Tag Archives: Hot bods

#7: The one you’ve all been waiting for.

Yeah, that’s right, I’m skipping #5 and 6. You all want me to, anyway. You want to know the story about the girl who said she would never, ever, ever set foot in a strip club, but did. Some of you who will read this are my clients, my peers, potentially my boss, my business associates, my family. In fact, many of you are one of those things. People who I respect and would NEVER normally tell this story to. But I did this as one of my 30 Things, so writing about it is as much of an accomplishment as doing it. I sincerely fear that I will lose all respect from you when you read this. But please, remember who I am and give me the benefit of the doubt. Here’s to 30 Things.

I wasn’t exactly the slimmest kid growing up. Rolly polly. Substantial. Big boned. Call it what you will, but I was far from the lean, athletic build of my girlfriends. So far from it, in fact, that my classmates managed to come up with a nickname for what my parents thought was my non-nicknamable name. Cowlette (do you get the irony of Wee C now?!). Go ahead, laugh. Really, you’ll enjoy it. I kind of do myself at this point. But, at 13, it wasn’t exactly the name I wanted boys to call me. Especially not the boys I was having imaginary flirt sessions with  in my mirror before I went to school in the morning. Boy, I had some great conversations. In the mirror, they always loved me.

Fortunately, when I turned 15, I took a growth spurt and Cowlette found her rightful home in the history pages of my story. But don’t think a kid forgets that. What’s that saying – forgive and forget. I had neither forgiven nor forgotten. So when I turned 17 and started dating my first boyfriend, some of that baggage was still around. Ok, a lot of it. And, yes, I was 17 with baggage. What? I was in tune with myself, I make no apologizes for that.

Let’s call him JR. He was my first love. So the night I sat in my car outside of his prep school dorm room waiting for him to come out after the study hours and I caught a glimpse of THAT poster, I immediately put my hands on my waist hoping, wishing that I had magically become taut in the last 5 minutes. But, alas, the rolls were still there. From where I sat, I could clearly see Jenny McCarthy and her hourglass figure (complete with perky, balloon-like boobs). The teasing, the mocking, the boys who pretended to walk like a bovine, all came flooding back. From where I sat, she was everything to my boyfriend that I wasn’t. From that moment on, I hated naked women. Specifically, I hated hot naked women. Hence my early dislike for strippers.

The object of all my hatred.

I hated them at my core. I’m sure my argument at the time was that it was demoralizing to women, but the reality was that I was jealous and insecure. I couldn’t handle the way they looked. My need for personal perfection didn’t allow for that. They were perfect in ways that I wasn’t. That’s really all it was. In my competitive mind, they won and I lost. I would have none of that, and neither would the boys I loved.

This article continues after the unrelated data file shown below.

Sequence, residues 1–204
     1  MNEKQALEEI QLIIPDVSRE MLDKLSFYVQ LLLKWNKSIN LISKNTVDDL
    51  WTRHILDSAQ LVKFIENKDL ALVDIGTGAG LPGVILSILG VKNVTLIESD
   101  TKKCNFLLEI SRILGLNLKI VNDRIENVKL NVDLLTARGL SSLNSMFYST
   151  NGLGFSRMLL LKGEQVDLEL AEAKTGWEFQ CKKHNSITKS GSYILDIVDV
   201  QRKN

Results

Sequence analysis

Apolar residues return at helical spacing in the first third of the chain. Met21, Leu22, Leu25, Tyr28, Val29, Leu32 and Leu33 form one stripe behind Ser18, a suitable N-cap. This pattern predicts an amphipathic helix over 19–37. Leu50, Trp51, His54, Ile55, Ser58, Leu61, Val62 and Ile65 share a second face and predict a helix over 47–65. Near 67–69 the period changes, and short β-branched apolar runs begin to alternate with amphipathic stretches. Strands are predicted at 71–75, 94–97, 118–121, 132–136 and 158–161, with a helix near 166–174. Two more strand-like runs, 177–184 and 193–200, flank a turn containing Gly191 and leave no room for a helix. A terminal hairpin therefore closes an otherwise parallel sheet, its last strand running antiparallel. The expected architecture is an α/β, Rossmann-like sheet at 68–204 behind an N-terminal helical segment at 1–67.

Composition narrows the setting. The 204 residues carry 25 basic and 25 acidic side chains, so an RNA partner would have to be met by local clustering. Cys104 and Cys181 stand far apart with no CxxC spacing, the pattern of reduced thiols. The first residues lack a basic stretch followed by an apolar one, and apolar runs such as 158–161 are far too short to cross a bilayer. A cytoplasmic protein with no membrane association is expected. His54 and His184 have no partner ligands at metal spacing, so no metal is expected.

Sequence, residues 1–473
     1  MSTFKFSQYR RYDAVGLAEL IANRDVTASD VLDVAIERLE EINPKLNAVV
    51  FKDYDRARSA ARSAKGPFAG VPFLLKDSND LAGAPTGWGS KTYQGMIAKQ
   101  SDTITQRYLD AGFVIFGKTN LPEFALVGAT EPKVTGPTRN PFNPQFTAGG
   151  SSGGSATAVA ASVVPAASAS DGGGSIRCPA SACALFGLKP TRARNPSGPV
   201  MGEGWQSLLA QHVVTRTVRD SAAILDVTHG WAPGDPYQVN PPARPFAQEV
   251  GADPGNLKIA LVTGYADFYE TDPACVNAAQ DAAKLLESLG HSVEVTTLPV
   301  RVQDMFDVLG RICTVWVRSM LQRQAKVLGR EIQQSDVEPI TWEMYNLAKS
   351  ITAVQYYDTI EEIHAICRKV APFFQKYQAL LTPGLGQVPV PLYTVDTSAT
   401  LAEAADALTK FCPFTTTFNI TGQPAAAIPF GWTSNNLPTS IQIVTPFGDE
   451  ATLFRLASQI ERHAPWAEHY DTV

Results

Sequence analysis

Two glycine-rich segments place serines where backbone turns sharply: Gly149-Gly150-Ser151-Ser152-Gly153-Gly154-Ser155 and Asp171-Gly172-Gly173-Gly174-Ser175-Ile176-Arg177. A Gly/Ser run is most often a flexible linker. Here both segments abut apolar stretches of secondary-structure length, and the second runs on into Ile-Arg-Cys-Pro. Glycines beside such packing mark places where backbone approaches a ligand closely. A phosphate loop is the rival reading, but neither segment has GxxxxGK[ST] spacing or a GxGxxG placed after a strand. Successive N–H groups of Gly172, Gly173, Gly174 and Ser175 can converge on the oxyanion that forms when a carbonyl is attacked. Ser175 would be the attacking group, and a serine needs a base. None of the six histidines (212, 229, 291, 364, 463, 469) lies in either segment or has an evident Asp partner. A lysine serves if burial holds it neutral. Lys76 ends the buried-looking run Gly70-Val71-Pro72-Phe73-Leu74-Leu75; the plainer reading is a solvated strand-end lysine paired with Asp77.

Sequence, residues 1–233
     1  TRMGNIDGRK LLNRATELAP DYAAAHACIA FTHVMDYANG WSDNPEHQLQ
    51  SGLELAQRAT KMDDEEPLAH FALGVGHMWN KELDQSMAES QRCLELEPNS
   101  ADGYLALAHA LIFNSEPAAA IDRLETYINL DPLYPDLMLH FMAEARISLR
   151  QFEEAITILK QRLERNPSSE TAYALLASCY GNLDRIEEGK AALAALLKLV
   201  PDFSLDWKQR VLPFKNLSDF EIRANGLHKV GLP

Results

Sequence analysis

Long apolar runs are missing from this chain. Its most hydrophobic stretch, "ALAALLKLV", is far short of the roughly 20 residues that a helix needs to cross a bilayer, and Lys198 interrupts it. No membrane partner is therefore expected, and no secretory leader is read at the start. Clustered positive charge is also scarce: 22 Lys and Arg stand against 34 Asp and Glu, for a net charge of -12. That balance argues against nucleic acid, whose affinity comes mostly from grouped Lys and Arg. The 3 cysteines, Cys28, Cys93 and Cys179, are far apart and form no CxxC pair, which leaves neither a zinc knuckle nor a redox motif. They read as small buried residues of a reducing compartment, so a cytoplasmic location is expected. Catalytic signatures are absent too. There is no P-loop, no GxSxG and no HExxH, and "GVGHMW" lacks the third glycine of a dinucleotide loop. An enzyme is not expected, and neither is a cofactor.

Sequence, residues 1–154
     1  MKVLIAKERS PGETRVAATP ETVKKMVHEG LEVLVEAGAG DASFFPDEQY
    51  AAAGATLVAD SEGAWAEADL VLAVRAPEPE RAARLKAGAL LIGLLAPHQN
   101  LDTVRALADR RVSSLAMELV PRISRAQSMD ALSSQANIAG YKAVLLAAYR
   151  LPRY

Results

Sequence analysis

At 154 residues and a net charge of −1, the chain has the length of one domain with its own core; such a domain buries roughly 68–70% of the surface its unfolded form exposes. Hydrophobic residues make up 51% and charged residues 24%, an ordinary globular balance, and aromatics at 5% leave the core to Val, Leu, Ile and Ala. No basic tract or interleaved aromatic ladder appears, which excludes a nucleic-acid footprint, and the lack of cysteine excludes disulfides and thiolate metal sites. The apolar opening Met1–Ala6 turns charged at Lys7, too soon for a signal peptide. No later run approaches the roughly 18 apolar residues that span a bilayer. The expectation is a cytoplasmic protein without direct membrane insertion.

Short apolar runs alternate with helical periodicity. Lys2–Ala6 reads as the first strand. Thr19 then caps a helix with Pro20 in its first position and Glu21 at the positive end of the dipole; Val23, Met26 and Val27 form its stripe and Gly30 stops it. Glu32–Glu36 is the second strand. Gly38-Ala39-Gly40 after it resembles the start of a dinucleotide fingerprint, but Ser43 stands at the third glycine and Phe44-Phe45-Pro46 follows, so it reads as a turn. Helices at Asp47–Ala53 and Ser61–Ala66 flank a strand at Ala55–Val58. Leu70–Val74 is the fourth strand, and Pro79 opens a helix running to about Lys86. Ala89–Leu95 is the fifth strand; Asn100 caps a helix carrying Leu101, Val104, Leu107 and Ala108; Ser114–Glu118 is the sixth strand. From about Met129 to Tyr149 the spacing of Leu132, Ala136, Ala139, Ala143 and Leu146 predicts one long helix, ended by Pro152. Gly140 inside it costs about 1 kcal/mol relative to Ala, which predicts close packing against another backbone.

When hubby and I got married, I quickly drew the line in the sand: have a stripper at your bachelor party and this ring goes back and you become a bachelor all over again. Truthfully, I don’t know why he didn’t walk away just for that comment. But he permitted my bad, immature, self-loathing rants, agreeing to leave his bachelor party if the boys called in the “it’s too hot for clothes” strippers. Yes, my soon-to-be husband would shut his own friends down, leave his bachelor party and come running home to my insecure cow-like ass if those no-respect-for-themselves whores showed up. And yes, I’m naive enough to believe that.

All in all, for as much as I hated strippers, nudie girls posing in posters or in porn, they consumed a lot of my thoughts and were the source of many conversations with assorted beaus over the years. This one was a huge boulder on my way to enlightenment and I knew dealing with it had to be a 30 Thing or I wouldn’t do justice to the challenge at hand.

So one Friday night with the girls, Sassy J, Big L and I decide we were going to have a girls’ night in at Sassy J’s. After some wine for me, a mojitos or two for Sassy J and a handful of rum and Cokes for Big L, we were in the mood to misbehave. One of us, with enough seriousness in their voice to be taken seriously, suggests Ralph’s…the nudie bar. Within two seconds, the cab had been called, the lipstick applied and the last drink taken. We were off to the dirtiest place in the HRM – Sassy J in her cozy sweater, argyle socks and sneaks, me in my modest long sleeved t-shirt (hey, at least it wasn’t a crisp white blouse) and Big L in her tank top and flip flops. “To Ralph’s,” we tell the cabbie. He does a double check in the mirror to confirm that, yes, there are just girls in his back seat. The cab pulls away and we are WAY too giddy. Like a girl who just bought her dream prom dress.